Sharp, Young Thing: How Do You Manage Someone Older Than You?

by Stephanie Stern

My mom called me the other day. “I have a new manager,” she explained, “and he’s younger than you.” To her credit, she wasn’t particularly upset by this. She’s a personal trainer at a gym in New York and is used to being surrounded by 20-somethings. But it didn’t help that he had kicked off their first meeting by having all of the trainers say how long they’d been working at that gym. When my mom answered 1997, his jaw dropped and he stammered, “I was only in junior high!” He then was too awkward to make eye contact with my mom for the rest of the meeting.

It happens somewhat frequently in today’s working world that younger managers are in charge of much older staff. It can be tough, especially if the older person feels resentful for being passed over, or if the younger person lacks confidence in herself and her own abilities.

Having been in the position to manage older staff a few times, I know firsthand some of the tensions that can build, and some pitfalls to avoid. Really, even when managing people older than you, the same basic principles apply that you would use for anyone: respect the people that report to you, treat them as individuals, and be open, but confident in your own abilities as a manager. Here are a few good rules of thumb:

Don’t Assume They Are You

When I was only a year or so out of college, I was put in charge of a project and ended up managing a guy named Dave. He was probably in his late 40s or so. I assumed that, like me and everyone else I knew, Dave would be interested in growing in his role, in advancing, and that he would want to take on new tasks and learn new skills. It didn’t take long after I assigned him something outside of his previous pattern of work before he came to me to say that he wasn’t sure about this new task. It became clear that he wanted to stick to the work that he was comfortable with and good at. He liked the mastery he had over the tasks he was well rehearsed in. That’s not to say that he couldn’t learn new things, only that he wasn’t interested in doing so for the challenge of it.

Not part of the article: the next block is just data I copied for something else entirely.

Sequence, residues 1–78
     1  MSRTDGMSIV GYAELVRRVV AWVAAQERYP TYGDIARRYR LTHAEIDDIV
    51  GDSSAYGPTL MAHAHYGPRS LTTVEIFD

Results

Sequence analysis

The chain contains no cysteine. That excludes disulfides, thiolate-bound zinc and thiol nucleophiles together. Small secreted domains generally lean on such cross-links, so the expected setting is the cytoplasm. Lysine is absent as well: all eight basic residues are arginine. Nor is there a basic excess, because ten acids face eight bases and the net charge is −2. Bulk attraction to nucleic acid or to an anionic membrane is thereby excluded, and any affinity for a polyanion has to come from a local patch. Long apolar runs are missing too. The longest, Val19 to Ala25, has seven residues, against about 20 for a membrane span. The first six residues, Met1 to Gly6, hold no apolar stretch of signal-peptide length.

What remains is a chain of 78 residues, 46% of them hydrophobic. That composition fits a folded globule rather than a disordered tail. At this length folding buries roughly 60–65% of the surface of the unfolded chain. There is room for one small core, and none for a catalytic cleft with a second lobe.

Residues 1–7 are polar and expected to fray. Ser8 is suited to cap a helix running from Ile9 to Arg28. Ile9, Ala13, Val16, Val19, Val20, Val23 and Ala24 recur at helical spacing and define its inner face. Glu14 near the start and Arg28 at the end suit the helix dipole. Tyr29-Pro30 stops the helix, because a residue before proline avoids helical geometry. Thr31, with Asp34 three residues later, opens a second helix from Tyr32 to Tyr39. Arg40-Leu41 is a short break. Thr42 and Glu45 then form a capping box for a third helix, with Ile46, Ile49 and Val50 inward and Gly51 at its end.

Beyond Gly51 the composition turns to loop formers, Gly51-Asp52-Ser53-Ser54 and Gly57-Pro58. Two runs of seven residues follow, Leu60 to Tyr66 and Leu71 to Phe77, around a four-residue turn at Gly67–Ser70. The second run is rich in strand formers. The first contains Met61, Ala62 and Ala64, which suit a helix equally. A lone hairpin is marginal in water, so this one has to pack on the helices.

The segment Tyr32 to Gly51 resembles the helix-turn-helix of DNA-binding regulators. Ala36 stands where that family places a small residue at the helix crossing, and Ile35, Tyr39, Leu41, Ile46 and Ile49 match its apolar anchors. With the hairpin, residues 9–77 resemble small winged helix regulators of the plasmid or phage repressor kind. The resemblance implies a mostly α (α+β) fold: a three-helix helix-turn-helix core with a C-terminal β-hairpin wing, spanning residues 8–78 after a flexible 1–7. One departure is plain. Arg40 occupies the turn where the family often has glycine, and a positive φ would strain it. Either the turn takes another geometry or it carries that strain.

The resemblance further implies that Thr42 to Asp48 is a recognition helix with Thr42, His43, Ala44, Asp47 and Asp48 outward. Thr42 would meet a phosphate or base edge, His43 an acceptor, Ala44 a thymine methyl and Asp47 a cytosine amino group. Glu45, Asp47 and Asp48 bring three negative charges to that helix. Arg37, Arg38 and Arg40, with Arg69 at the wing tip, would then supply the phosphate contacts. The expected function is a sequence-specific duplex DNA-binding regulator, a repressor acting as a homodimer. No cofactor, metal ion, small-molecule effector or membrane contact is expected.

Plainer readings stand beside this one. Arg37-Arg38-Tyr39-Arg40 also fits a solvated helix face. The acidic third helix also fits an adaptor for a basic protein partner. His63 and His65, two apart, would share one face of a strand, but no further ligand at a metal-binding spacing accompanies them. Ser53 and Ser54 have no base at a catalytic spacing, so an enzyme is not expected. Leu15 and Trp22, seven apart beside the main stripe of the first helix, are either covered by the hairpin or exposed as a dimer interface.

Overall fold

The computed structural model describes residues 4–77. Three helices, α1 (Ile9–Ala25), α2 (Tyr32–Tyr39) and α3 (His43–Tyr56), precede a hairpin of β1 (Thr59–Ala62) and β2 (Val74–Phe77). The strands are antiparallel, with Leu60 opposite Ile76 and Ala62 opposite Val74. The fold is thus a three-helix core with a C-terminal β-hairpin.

It was a good lesson for me that not everyone is looking for the same things at work. It’s obvious, of course, but I had assumed that everyone had a desire to take on new challenges. This was not an assumption that proved true for Dave, and more generally, not a good assumption to make. It would have been better for me to have asked Dave what his interests and goals were before I imposed my own ideas.

Particularly if you are young and managing a significantly older person, it might be that they get something else out of the work than you do. This is true for my mom. She does take pleasure at growing in her mastery of the field and goes to workshops and trainings, but she has no interest in moving up, which would mean managing people rather than working with clients. Once I understood Dave, I didn’t try to push him in the direction I would have gone in his position. Instead, I made sure to express appreciation for work he’d done well, and if there was anything new to learn, to make sure to approach it slowly and patiently.

Respect Their Experience